System designers often grapple with ways to debounce and control the on/off pushbutton of portable devices. Traditional debounce designs use discrete logic, flip-flops, resistors and capacitors. Some designs require an onboard microprocessor to monitor the pushbutton, but this puts a burden on the microprocessor—if it hangs up, all device on/off control is lost. Also, in high voltage, multicell battery applications the low voltage circuits require an LDO power supply. In the end, what should be a simple monitoring circuit consumes an oversized share of the space and complexity of the system. Plus, its draw on the power budget is high even when the system is off, since the microprocessor must keep awake, constantly watching the pushbutton.
The LTC2953 pushbutton on/off controller with voltage monitoring alleviates the headaches of discrete implementations and provides a self-contained alternative to microprocessor based pushbutton monitoring. The LTC2953 integrates all the flexible timing circuits needed to debounce the on/off pushbutton of portable systems and provides a simple yet powerful interface that allows for controlled power up and power down.
The part also includes input and output supply monitors. A power fail comparator issues an early warning when it detects a low battery condition, while a UVLO comparator prevents a user from applying system power from a dead battery (or low supply). Additionally, an adjustable single supply supervisor provides a 200ms reset output delay after the monitored supply rises above the programmed voltage.
The LTC2953’s wide input voltage range (2.7V to 27V) is designed to operate from single-cell to multicell battery stacks, thus eliminating the need for a high voltage LDO. The part’s features allow the system designer to turn off power to all circuits except the LTC2953, whose very low quiescent current (14µA typical) extends battery life. The device is available in a space saving 12 lead 3mm × 3mm DFN package.
Orderly Power On
The pushbutton input of the LTC2953 controls the logic state of the open drain enable output. Figure 1 shows the EN output of the LTC2953-1 driving a DC/DC converter. To turn on system power, the pushbutton input must be debounced (held low continuously for at least 32ms). See the timing diagram shown in Figure 2. Note that once power has been enabled, the system must set the KILL input high within 512ms.
Orderly Power Off
The LTC2953 provides two ways to manually turn off system power: issuing an orderly power off request, and forcing an immediate power off. An orderly power off involves a simple push and release of the on/off button. For instance, for the circuit in Figure 1, if an end user is using an MP3 player, he presses and releases the on/off button, which subsequently drives the INT output low for a minimum of 32ms. The system logic that monitors the LTC2953’s INT output then initiates various pre-powerdown and housekeeping tasks, and asserts KILL low when all is well. The LTC2953 then shuts down the DC/DC converter—turning off system power. See the timing diagram shown in Figure 3.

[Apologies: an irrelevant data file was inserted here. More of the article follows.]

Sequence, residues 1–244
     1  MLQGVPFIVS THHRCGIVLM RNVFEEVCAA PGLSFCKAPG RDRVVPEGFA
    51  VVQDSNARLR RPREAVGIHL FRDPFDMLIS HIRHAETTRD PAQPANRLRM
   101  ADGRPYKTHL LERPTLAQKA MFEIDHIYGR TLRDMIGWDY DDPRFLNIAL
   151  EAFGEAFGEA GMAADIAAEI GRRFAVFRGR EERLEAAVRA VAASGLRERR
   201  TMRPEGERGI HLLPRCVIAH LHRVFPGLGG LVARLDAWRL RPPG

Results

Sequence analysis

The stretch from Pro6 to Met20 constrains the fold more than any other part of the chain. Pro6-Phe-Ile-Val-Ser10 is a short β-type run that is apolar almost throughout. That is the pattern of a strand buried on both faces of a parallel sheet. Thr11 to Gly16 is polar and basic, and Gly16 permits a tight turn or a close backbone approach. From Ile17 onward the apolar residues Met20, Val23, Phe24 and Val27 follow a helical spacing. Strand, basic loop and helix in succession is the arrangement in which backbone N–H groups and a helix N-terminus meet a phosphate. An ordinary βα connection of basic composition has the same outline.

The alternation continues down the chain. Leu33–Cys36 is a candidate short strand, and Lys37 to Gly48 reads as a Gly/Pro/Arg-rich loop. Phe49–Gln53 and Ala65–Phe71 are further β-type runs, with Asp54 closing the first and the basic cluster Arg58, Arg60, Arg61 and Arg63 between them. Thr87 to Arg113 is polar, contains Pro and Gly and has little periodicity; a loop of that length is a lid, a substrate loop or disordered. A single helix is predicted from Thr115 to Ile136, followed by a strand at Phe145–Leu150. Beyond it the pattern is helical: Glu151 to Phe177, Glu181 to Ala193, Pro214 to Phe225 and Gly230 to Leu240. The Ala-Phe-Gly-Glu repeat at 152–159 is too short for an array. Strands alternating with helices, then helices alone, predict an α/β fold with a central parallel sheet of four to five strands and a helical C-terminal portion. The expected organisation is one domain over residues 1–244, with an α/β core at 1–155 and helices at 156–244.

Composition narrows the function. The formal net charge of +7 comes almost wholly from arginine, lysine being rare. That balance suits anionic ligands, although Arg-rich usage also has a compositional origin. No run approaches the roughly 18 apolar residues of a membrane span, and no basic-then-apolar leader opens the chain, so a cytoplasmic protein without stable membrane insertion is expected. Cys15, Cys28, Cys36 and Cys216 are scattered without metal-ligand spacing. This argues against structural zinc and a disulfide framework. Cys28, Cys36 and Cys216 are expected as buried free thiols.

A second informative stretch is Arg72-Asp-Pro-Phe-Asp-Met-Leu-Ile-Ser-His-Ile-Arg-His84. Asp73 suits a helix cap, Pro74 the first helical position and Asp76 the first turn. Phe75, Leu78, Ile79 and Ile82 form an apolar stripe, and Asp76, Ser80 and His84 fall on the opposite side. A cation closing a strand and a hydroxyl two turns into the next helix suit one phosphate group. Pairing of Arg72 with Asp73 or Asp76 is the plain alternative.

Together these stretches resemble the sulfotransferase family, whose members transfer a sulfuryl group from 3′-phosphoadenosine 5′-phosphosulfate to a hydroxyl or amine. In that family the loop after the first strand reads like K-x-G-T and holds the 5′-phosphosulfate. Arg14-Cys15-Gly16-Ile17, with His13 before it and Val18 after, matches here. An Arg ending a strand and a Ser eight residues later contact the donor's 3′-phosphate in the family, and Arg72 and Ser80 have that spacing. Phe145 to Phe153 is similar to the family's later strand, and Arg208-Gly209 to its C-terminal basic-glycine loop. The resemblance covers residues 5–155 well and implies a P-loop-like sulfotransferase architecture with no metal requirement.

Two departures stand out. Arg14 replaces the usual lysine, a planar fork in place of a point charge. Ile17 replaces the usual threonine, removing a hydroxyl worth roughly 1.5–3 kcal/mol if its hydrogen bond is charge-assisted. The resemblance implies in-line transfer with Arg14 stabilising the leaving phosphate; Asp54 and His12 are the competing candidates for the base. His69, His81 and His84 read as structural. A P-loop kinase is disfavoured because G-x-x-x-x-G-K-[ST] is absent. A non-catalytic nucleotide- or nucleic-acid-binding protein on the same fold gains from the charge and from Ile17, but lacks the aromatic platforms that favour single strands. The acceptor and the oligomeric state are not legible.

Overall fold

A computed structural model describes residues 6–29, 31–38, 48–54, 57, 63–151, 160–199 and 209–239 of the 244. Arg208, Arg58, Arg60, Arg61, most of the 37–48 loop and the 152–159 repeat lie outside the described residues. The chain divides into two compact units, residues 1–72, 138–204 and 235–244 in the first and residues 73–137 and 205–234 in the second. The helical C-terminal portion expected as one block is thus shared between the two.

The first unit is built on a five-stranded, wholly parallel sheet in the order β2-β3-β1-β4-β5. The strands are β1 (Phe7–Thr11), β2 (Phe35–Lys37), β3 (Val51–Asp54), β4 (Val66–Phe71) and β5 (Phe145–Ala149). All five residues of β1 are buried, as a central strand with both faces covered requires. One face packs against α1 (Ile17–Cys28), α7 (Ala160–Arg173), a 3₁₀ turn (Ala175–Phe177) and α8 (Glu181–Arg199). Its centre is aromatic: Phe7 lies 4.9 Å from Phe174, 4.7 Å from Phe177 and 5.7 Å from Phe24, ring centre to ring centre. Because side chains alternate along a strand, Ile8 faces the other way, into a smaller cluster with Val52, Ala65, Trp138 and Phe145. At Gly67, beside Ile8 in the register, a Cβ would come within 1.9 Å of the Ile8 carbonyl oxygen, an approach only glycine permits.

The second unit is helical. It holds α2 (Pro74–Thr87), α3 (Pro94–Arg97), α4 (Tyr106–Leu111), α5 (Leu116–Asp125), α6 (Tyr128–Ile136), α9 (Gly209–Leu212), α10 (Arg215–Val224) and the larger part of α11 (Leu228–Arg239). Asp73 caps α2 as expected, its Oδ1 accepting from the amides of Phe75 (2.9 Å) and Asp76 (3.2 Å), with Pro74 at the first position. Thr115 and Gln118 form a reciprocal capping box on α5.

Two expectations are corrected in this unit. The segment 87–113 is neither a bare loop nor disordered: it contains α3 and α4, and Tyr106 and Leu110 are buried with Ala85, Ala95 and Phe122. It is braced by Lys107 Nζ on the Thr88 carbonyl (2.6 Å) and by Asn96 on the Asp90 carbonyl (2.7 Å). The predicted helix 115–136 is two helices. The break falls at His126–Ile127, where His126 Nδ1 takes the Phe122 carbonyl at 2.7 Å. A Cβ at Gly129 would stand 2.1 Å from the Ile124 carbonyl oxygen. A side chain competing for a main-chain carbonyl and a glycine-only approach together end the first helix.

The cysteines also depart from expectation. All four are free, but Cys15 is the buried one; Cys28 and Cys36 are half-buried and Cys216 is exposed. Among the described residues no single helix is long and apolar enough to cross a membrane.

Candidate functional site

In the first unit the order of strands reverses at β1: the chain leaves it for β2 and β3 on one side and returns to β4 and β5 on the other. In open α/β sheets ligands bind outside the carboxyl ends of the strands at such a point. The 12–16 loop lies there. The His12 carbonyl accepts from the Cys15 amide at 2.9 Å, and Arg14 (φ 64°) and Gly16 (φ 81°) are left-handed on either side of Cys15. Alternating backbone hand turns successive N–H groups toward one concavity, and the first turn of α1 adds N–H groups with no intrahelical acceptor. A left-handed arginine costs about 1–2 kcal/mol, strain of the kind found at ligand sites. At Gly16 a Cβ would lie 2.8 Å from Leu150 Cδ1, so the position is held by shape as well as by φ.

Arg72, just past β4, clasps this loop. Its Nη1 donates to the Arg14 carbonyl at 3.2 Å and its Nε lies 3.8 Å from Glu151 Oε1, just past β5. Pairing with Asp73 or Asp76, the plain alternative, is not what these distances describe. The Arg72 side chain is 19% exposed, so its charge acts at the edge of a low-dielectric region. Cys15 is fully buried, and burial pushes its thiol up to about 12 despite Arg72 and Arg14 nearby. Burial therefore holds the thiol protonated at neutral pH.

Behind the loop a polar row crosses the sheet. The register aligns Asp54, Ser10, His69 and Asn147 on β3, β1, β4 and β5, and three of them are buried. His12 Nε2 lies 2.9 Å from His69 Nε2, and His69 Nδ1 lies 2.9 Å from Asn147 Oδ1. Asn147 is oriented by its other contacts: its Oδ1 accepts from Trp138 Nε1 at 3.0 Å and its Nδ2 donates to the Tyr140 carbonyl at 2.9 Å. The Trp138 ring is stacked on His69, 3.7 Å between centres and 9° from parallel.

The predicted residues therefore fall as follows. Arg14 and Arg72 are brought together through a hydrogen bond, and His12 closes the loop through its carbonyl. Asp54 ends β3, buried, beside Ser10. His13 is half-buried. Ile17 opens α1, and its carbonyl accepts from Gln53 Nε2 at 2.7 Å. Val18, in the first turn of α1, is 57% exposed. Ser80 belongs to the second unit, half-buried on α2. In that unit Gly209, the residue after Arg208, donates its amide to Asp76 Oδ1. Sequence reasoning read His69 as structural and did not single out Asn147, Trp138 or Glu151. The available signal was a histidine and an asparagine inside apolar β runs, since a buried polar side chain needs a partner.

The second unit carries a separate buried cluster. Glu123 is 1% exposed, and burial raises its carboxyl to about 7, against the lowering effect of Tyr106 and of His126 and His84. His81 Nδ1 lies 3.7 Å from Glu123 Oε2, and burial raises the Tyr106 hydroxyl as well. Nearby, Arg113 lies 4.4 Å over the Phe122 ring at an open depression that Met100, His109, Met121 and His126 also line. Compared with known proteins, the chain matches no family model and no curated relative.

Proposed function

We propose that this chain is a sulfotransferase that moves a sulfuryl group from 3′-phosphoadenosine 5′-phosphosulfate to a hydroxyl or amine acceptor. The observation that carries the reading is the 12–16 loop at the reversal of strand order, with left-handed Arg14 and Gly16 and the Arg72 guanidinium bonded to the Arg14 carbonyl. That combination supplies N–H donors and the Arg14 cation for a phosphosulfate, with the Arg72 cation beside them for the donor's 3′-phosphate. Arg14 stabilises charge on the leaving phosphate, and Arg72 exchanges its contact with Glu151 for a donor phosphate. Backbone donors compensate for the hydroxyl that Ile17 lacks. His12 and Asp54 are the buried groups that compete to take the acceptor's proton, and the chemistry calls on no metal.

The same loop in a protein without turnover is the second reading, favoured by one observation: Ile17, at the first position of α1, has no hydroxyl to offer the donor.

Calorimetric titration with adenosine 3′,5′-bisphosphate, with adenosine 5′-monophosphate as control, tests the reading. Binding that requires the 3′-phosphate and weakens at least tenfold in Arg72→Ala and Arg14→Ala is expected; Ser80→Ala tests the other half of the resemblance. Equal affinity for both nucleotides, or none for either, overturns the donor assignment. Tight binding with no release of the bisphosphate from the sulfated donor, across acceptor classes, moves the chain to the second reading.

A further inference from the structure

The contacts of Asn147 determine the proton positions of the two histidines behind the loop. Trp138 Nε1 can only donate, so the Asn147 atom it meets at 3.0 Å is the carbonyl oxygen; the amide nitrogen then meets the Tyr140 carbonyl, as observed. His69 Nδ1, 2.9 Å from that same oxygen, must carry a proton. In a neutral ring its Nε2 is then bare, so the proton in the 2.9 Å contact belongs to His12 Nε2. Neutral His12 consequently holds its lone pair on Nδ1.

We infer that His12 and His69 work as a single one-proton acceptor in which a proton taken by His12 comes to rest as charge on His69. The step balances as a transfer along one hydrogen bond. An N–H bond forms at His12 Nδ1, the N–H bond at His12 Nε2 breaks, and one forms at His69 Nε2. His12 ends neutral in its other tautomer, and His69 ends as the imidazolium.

The other type of shutdown is a manual reset. This allows the user to force power off if the system logic or µP fails to respond to the interrupt signal. To do so, the end user presses and holds the pushbutton down. The length of time required to force a power down is given by a fixed internal 64ms delay plus an adjustable power down timer delay. The adjustable delay is set by placing an optional external capacitor on the PDT pin. See Figure 4.
Power Fail Comparator Issues Low Supply Warning
The LTC2953 provides an uncommitted power fail comparator that can serve as the first warning of a decaying battery or a low supply. The PFO output is driven low when the PFI input voltage drops below 0.5V. This comparator provides real time supply information and does not affect the functionality of the enable and interrupt outputs. A system designer can use the power fail comparator to identify the source of a power down interrupt request: the pushbutton or the UVLO. If the PFO output is low when the interrupt output is asserted, then the UVLO input initiated the power down request (see Figure 5).